Chinese officials are reportedly concerned that Houthi attacks on ships in the Red Sea could harm their business relations with Iran, and have conveyed this message to Iranian counterparts in a series of meetings in Beijing and Tehran, according to sources familiar with the discussions. The trade route between Asia and Europe, utilized by Chinese ships, has been disrupted by these attacks, leading to increased shipping costs and insurance expenses.
The Chinese officials emphasized the need for the Houthis to exercise restraint in their attacks, warning that any harm to Chinese interests could impact Beijing’s business with Tehran. Despite China being Iran’s largest trading partner, the trade relationship is not balanced, with Chinese oil refiners heavily relying on Iranian crude exports, while Iranian oil only accounts for a small percentage of China’s crude imports.
China refrained from making specific threats regarding its trading relationship with Iran, but expressed deep disappointment in case any vessels linked to China were hit or if the country’s interests were affected. However, Tehran’s regional alliances and priorities, including support for proxies in Gaza, Lebanon, Syria, and Iraq, play a significant role in its decision-making process.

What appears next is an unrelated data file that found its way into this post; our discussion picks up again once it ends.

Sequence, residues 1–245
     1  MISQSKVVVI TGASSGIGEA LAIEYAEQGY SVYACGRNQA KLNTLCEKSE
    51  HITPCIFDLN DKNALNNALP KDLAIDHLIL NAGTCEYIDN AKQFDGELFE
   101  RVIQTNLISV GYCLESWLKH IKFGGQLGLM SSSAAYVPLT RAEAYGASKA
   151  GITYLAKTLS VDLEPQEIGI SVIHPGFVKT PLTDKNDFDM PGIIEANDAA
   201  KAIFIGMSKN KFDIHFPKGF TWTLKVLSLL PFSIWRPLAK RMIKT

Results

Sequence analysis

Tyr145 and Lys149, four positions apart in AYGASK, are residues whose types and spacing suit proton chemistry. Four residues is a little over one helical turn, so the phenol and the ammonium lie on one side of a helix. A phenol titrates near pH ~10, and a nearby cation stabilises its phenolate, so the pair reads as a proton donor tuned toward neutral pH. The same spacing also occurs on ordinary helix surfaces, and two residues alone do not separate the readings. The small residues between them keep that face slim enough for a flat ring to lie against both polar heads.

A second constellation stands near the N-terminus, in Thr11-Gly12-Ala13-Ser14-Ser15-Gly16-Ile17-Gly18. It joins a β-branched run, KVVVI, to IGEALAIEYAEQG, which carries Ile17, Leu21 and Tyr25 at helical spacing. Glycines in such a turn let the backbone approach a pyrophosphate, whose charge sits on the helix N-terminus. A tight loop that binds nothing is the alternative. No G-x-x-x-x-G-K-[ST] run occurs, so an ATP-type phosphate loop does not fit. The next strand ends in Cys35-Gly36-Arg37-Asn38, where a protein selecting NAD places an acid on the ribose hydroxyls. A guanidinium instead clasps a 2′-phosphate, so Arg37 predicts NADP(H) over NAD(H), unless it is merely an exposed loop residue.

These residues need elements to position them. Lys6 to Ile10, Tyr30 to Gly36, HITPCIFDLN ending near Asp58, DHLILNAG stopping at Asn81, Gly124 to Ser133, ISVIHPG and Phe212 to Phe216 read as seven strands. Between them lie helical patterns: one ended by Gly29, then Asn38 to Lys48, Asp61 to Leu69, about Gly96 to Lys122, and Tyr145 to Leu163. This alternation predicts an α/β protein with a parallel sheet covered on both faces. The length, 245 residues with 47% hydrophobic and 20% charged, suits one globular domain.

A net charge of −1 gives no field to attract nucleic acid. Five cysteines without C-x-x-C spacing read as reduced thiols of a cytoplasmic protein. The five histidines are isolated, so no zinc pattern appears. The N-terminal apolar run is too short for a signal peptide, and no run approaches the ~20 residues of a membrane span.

While China views the restoration of stability in the Red Sea as a priority due to its disproportionate impact on shipping, it is hesitant to use its leverage over Iran. This reluctance stems from multiple reasons, including its reluctance to publicly blame the Houthis for the Red Sea crisis and its awareness that Iran’s control over its Yemeni allies is limited.
China’s diplomatic efforts have not succeeded in stopping Houthi attacks on shipping, a concern raised by the United States and Britain. While China has the potential to influence Iran due to its oil purchases and potential direct investment in the country, it remains unclear whether Iran would take any action following discussions with Beijing. Despite the economic ties between China and Iran, Beijing’s influence on Tehran’s geopolitical decisions is not absolute, and Iran has other priorities and regional alliances to consider extensively.
Iran’s position as a leader of its “Axis of Resistance” complicates its decision-making process, as it needs to balance its support for allies like the Houthis with avoiding being drawn into a regional war over Gaza. Tehran’s messaging regarding the Houthis requires a level of deniability about the extent of its control over them, as well as an ability to claim some credit for their anti-Israel actions. Ultimately, while Iran depends on Chinese investment to maintain its oil sector, its regional alliances and geopolitical considerations also significantly shape its decisions.